[Note: iLounge gives a fairly negative review of the new Shuffle - surprising given they are typically Apple cheerleaders.]

Friday, March 13, 2009

iPhone OS 3.0 Event

Apple has announced an event on 17 March to announce v3.0 of the iPhone/iPod Touch OS. Actually, it seems they are just announcing that they are working on it with a probably release date. What I can’t quite understand is why? Why does Apple need to do pre-announcements for software? With Jobs on the sideline, is Apple insecure that the tech world has forgotten them? Or maybe they are going to announce a new iPhone app developer program, code named, “RESPECT”.

Nah. That’s not the Apple way.

Thursday, March 12, 2009

New Shuffle Shrinks More?

ipodshuffle_image3_20090311.F2z5KuHeZhVV.jpgToday Apple released a new form factor for the Shuffle with even smaller (!) physical size and larger capacity, plus a new VoiceOver function for navigating. The (3g?) Shuffle has shrunk to smaller than a typical house key, and is so tiny you can only control it via the included Apple earbud’s cord (yuck!). This suggests that you need to use Apple’s crappy earbuds, or some 3rd party head phones with compatible controls. The new Shuffle also has a 4GB capacity, the same as my old 1G iPod Nano. Apple currently is only offering two colors, grey and black. The Voice Over feature will announce the upcoming tune, and (for the first time) allow you to navigate through different playlists via CG voice choices. VoiceOver works in 14 languages, apparently.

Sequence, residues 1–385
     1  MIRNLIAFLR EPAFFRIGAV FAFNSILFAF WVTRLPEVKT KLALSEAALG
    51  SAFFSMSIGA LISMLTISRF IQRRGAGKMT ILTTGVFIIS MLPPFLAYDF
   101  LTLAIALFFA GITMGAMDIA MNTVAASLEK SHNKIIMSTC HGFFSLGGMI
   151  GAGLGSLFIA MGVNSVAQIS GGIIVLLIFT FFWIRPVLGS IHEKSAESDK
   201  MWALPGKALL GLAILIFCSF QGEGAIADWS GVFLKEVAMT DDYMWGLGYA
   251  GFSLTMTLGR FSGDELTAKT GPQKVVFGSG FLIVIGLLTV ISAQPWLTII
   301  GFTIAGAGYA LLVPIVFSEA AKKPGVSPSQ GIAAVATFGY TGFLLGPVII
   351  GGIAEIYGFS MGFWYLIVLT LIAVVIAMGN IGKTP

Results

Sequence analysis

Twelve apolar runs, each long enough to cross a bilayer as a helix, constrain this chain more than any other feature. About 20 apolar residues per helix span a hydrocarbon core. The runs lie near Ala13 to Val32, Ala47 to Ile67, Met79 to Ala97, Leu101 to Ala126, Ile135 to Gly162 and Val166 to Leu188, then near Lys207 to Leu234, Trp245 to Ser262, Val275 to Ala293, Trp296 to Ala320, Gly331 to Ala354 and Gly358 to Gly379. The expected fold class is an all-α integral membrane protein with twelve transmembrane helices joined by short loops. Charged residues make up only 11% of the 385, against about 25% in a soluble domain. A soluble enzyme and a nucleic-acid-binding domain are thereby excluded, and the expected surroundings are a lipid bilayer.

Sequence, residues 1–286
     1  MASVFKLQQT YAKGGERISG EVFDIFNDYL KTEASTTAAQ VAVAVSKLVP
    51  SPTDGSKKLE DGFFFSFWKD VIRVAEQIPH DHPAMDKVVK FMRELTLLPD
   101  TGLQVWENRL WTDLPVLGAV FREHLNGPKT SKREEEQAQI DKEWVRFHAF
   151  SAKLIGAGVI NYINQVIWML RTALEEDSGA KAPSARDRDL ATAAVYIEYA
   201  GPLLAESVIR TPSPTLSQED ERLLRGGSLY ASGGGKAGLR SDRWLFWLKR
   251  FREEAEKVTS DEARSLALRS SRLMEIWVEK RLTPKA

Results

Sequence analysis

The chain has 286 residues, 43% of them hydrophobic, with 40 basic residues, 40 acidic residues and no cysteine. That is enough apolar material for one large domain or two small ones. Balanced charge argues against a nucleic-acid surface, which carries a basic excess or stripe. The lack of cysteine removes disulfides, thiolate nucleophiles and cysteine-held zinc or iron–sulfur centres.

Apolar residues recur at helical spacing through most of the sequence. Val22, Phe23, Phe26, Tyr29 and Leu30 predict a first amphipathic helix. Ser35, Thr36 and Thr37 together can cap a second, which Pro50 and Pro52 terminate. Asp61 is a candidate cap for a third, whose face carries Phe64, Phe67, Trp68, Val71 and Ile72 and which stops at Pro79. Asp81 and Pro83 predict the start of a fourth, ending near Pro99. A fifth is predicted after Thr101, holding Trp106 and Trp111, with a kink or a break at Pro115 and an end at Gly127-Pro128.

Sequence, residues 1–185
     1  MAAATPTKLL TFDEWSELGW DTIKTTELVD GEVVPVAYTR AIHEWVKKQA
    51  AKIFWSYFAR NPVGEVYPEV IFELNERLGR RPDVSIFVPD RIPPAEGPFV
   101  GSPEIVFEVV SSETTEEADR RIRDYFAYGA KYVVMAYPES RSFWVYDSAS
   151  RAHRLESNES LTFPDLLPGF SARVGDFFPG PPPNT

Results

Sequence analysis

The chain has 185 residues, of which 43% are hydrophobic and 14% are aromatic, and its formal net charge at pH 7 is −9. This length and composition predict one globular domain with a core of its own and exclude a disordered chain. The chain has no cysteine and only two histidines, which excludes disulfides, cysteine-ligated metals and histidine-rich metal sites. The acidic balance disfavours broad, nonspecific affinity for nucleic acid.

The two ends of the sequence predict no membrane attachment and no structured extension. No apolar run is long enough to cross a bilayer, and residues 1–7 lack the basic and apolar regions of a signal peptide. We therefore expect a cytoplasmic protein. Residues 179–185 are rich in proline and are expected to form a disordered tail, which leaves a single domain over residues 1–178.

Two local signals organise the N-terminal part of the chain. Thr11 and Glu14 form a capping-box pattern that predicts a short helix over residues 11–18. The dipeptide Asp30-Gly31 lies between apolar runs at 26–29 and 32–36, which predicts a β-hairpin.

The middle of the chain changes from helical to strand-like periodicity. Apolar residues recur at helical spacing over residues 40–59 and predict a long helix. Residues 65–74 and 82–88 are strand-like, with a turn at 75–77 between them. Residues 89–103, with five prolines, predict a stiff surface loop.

My take - I haven’t seen or used one of these yet (nor do I have a shuffle), but I feel shrinking the shuffle further seems pointless. With the current monochrome color choices, these will be easy to misplace or lose entirely if you drop it. Limiting users to certain headphones with inset controls (or just Apple buds) also feels like a bad move. Those buttons on the Apple Earbuds look pretty tiny to me! The last gen Shuffles seemed just right for manipulating controls with average sized fingers, plus the color choice was good for individualization. My guess is the cost to manufacture the new Shuffle is considerably less, with very few moving parts in a one piece shell. However, until I can see one in person, I’ll hold further judgement.

UPDATE: Looks like you MUST use the Apple Earbuds, at least until 3rd party controllers step up. Plus using the new Shuffle ain’t no party compared to the last one. Engadget’s send up of the situtation is priceless. It’s seems analogous to using QuickSilver on a Mac with no keyboard or monitor - just audio output.